US 6979667 B1
Disclosed are detergent compositions, particularly for manual dishwashing which, by incorporating a combination of anionic surfactants, solvents and certain selected perfume compositions that do not have the maladors associated with certain nitrogenous ingredients such as amines. Also disclosed are the perfume compositions themselves, characterised by 30% to 100% of an odor neutralizer capable of forming a Schiff base when reacted with an amine, said compositions having a pH of from 8.5 to 12.
1. A liquid dishwashing detergent composition suitable for use in hand dishwashing, the composition comprising:
(a) an anionic surfactant;
(b) a solvent;
(c) a Schiff base comprising the reaction product of an aldehyde with a diamine which is a member selected from the group consisting of 1,3-bis(methylamine)cyclohexane, 1,3-propane diamine, 1,6-hexane diamine 1,3-pentane diamine and 2-methyl 1,5 pentane diamine.
2. The liquid dishwashing detergent composition according to
3. The liquid dishwashing detergent composition according to
4. The liquid dishwashing detergent composition according to
5. The liquid dishwashing detergent composition according to
6. The liquid dishwashing detergent composition according to
7. The liquid dishwashing detergent composition according to
This application claims benefit of provisional application No. 60/124,409, file Mar. 15, 1999.
The present invention relates to detergent and cleaning compositions, particularly liquid or gel dishwashing compositions suitable for use in manual dishwashing operations. These detergent compositions contain anionic surfactants, solvents and perfume compositions which are specially selected to cover the malodors generated by nitrogenous compounds like amines. These components, in the combinations disclosed herein, provide dishwashing detergent compositions which have preferred food soil cleaning, handling and sudsing characteristics without the odors typically associated with amines. The present invention also relates to the perfume compositions themselves and methods for masking malodors.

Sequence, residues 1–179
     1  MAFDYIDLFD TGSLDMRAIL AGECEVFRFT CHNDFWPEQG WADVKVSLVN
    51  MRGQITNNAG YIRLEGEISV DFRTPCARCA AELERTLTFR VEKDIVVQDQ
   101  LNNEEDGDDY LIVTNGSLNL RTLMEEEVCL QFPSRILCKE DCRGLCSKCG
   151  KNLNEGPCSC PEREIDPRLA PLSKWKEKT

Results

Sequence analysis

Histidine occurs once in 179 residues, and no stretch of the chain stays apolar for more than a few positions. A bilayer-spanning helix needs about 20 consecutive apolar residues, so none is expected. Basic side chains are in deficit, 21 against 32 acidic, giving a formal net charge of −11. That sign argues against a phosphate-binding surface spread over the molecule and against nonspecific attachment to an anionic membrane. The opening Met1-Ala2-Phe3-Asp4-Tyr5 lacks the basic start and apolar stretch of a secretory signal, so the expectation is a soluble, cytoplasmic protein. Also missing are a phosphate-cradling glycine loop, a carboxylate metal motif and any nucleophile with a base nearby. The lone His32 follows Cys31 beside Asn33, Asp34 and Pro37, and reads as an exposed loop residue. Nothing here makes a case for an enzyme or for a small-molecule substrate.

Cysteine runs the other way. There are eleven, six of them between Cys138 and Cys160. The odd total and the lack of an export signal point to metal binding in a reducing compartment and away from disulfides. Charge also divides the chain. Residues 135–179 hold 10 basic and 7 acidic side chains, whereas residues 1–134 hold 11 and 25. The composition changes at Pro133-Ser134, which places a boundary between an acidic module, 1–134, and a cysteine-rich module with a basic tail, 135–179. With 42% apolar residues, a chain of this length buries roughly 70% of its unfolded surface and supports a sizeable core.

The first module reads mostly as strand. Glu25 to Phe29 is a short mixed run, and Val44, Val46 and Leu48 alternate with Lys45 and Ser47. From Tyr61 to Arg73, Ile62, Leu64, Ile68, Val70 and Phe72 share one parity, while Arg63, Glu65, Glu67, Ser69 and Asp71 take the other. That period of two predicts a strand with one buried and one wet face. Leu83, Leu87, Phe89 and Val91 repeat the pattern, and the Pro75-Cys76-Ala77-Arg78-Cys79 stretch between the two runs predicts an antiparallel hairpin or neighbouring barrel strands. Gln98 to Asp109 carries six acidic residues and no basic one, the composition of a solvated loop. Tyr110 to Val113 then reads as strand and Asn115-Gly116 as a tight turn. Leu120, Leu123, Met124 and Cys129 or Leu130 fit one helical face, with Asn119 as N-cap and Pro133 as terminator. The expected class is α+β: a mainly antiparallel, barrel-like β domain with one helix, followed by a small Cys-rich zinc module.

Light-duty liquid (LDL) or gel detergent compositions useful for manual dishwashing are well known in the art. Such products are generally formulated to provide a number of widely diverse performance and aesthetics properties and characteristics. First and foremost, liquid or gel dishwashing products must be formulated with types and amounts of surfactants and other cleaning adjuvants that will provide acceptable solubilization and removal of food soils, especially greasy soils, from dishware being cleaned with, or in aqueous solutions formed from such products. Thus, there is a continuing effort by formulators of liquid dishwashing compositions to incorporate additional components into LDL detergents to provide consumers with improved cleaning benefits.
Diamines are a type of nitrogenous compound which can improve the cleaning performance of liquid dishwashing detergent compositions, in particular the cleaning of greasy, hydrophobic soils on dishware or other kitchen articles. However, diamines can also cause extremely potent malodors, such as the unpleasant fragrance associated with permanent kits commonly used to curl hair.
Also, nitrogen-containing surfactants and polymers can provide both cleaning and sudsing advantages, but frequently contain amine impurities as by-products in commercial materials. When the composition exceeds the pKa of these amine impurities, the resultant free amine can be malodors. Consequently, it has been difficult to formulate a malodor-free light duty liquid at pH higher than 8.5.
Typically malodors associated with liquid dishwashing detergents are “masked” (covered up) by placing a perfume composition in the liquid dishwashing detergent, which when used in sufficient quantities, would mask the malodor emanating from the liquid detergent. These perfumes also provided the added benefit that a desirable fragrance, such as a lemon scent, could be imparted to the liquid detergent product.
However, some malodors cannot be masked simply by adding perfumes to the detergent. For example, when a particular malodor is highly volatile (and therefore diffuses quickly into the air) and/or when a particular malodor is extremely potent, it may be difficult to add a sufficient amount of perfume without giving the liquid dishwashing detergent a strong, perfumed odor. Given the foregoing there is a continuing need to formulate liquid dishwashing detergents that provide excellent cleaning benefits, but do not have malodors associated with them. Accordingly a benefit of the present invention is that a liquid dishwashing detergent is provided which incorporates certain nitrogen-containing components (e.g. diamines) which are capable of providing excellent cleaning performance but which is free of the malodors generally associated with the use of these components. The present invention also relates to a perfume compositions suitable for use in liquid dishwashing detergents.
The benefits of this invention can be provided for and included in a broader range of products than just LDLs. Such products include may liquid hand soap, shampoo, after shave, cologne and personal deodorants, other personal care compositions, hard surface cleaners and a variety of other home and personal care products in which nitrogenous compounds like amines may be present and it is desirable to mask any malodors that they may generate.